Step (a) may include the use of a microwave or a sonicator with or without heating to assist extraction of saponin-containing compounds into the extraction solvent.
A review paper, Recent advances in extraction of nutraceuticals from plants, Lijun Wang and Curtis L. Weller, Trends in Food Science & Technology, 17 (2006), 300-312, details a number of extraction methods which could suitably be used in step (a) of the process of the present invention.
Suitably the mass of plant heated in the solvent in step (a) is at least 50 g/L, for example at least 80 g/L, preferably at least 100 g/L. Mass ratios of up to 2000 g/L, for example up to 1000 g/L or 500 g/L are suitable. Mass ratios of for example 100 g/L to 400 g/L may be used.
Step (b) comprises treating the portion of plant or an extract obtained therefrom to remove fatty acid residues from said portion of plant or extract thereof.
By fatty acid residues we mean to refer to compounds comprising fatty acids, that is long chain (for example greater than 4 carbon atoms) aliphatic moieties including an acid functionality. The fatty acid residues may be present as the free acid, salts or esters thereof, including monoesters, diesters and triesters. Phospholipids may also be present. Most commonly fatty acid residues are present as glycerol triesters.
Steps (a) and (b) may be carried out in any order. In some embodiments they may be carried out simultaneously. Preferably they are carried out sequentially. Preferably step (b) is carried out after step (a). Preferably step (b) comprises treating the extract obtained in step (a) to remove fatty acid residues.
In embodiments in which step (a) is carried out first, the extract obtained in step (a) suitably comprises saponin-containing compounds, fatty acid residues and the extraction solvent. The extraction solvent may be removed, for example under reduced pressure to provide a concentrated extract comprising saponin-containing compounds and fatty acid residues. This concentrated extract may further comprise other constituents, for example one or more of free sugars, acetylenic compounds, proteins, flavanoids, chlorophyll and lignocellulosic compounds. However these other constituents are suitably present in minor amounts, for example less than 25 wt %, preferably less than 10 wt %, more preferably less than 5 wt %. In a preferred embodiment in which the extraction solvent used comprises at least 98 wt % ethanol, and the portion of plant comprises the fruits of Hedera Helix, the concentrated extract comprises from 20 to 60 wt %, for example 35 to 45 wt % saponin-containing compounds and from 40 to 80 wt %, for example 55 to 65 wt % fatty acid residues.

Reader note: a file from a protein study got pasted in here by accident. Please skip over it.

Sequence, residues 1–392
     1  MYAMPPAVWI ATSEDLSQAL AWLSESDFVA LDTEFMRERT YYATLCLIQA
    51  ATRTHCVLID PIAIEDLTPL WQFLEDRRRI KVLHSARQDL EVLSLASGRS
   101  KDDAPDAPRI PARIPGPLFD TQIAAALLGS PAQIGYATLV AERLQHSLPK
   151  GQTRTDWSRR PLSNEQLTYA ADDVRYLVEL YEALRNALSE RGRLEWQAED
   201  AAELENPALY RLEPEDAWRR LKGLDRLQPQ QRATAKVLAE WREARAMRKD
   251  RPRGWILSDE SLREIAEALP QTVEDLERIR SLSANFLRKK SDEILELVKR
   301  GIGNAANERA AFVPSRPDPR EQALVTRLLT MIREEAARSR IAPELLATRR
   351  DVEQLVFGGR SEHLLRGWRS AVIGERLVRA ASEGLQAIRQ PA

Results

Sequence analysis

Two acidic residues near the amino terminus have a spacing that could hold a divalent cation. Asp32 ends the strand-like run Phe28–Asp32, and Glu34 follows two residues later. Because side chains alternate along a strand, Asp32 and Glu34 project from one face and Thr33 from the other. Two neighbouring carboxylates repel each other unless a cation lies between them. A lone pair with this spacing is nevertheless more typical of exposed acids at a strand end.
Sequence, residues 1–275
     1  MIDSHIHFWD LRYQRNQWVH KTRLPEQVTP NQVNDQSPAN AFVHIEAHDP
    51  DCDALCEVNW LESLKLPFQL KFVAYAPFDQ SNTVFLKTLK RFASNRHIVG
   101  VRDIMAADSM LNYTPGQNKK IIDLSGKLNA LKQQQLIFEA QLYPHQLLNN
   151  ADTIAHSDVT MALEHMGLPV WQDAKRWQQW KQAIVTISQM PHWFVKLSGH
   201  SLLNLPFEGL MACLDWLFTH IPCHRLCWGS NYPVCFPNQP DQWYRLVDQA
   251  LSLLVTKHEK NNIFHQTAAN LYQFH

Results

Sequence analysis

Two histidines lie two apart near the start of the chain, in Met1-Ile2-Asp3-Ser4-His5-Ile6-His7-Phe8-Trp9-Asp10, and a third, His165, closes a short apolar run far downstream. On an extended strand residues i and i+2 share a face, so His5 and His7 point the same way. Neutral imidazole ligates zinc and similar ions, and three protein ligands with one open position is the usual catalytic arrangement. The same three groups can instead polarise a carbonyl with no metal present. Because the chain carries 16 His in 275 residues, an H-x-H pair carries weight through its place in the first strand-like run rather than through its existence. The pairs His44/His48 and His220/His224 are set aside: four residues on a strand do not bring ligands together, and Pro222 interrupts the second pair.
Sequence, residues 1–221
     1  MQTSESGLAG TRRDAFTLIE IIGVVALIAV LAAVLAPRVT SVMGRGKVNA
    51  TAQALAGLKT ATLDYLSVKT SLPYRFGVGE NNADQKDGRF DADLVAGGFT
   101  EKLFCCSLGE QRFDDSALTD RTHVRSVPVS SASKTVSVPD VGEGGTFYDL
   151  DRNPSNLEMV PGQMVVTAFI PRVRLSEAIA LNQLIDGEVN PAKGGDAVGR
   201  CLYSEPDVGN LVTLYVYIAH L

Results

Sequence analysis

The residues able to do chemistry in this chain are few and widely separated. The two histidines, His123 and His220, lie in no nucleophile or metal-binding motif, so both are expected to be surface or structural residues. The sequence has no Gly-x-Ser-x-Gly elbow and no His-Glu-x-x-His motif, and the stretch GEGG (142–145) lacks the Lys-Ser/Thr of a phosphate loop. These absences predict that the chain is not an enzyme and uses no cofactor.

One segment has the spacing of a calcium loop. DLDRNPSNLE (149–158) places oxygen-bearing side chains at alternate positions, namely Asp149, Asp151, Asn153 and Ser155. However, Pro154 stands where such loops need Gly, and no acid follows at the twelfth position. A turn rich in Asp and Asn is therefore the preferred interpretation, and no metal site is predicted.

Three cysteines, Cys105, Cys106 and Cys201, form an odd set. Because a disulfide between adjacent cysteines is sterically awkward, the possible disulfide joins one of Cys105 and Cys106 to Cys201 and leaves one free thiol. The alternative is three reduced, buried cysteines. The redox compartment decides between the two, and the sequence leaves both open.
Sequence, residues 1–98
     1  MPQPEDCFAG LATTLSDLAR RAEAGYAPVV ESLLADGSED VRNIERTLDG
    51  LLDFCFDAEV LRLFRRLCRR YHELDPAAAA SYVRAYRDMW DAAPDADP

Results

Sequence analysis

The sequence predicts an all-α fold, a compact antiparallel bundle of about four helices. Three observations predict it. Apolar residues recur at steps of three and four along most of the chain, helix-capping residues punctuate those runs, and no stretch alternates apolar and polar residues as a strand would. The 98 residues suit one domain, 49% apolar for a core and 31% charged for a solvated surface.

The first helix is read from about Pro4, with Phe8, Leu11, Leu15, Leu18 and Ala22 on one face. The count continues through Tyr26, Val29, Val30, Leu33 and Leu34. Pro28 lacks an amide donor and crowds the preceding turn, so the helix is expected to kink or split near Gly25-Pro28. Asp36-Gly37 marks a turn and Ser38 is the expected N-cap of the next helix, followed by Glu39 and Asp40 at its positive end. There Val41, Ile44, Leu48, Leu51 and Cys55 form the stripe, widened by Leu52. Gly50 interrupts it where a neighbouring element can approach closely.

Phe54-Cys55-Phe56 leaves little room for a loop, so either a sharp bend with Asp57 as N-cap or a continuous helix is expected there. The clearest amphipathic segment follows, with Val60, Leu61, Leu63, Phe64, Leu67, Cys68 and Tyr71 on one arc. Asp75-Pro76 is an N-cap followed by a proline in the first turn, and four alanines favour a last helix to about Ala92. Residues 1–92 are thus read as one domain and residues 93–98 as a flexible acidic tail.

When the process is carried out on the fruits of Hedera Helix, the weight ratio of saponin-containing compounds to fatty acid residues in the extract obtained in step (a) is suitably from 5:1 to 1:5, preferably from 2:1 to 1:2. This material may itself be of commercial utility as a source of saponin-containing compounds, and could be used, where appropriate in any of the applications described herein.
When the process is carried out on the leaves of Hedera Helix, the weight ratio of saponin-containing compounds to fatty acid residues in the extract obtained in step (a) is suitably from 50:1 to 1:1, preferably from 30:1 to 5:1. This material may itself be of commercial utility as a source of saponin-containing compounds, and could be used, where appropriate, in any of the applications described herein.
In some embodiments in which step (a) comprises heating the portion of plant in the extraction solvent, when the extract obtained in step (a) is allowed to cool, the fatty acid residues become less soluble and come out of solution. A separate layer may be observed forming in the extract, typically a lower layer which suitably comprises glycerol triesters of fatty acid compounds. These materials may be soluble in hot solvent, for example ethanol but become less soluble as the extract cools. Thus step (b) may comprise leaving the extract to cool. Preferably the extract is allowed to cool slowly. Once an oily layer has formed, for example at the bottom of the extract, this can be readily separated leaving a saponin-rich component in the settling vessel. Alternatively the saponin-rich component may be decanted off.
In some cases the volume of solvent in the extract obtained in step (a) may be reduced, for example by at least 25% or at least 50%, prior to carrying out step (b).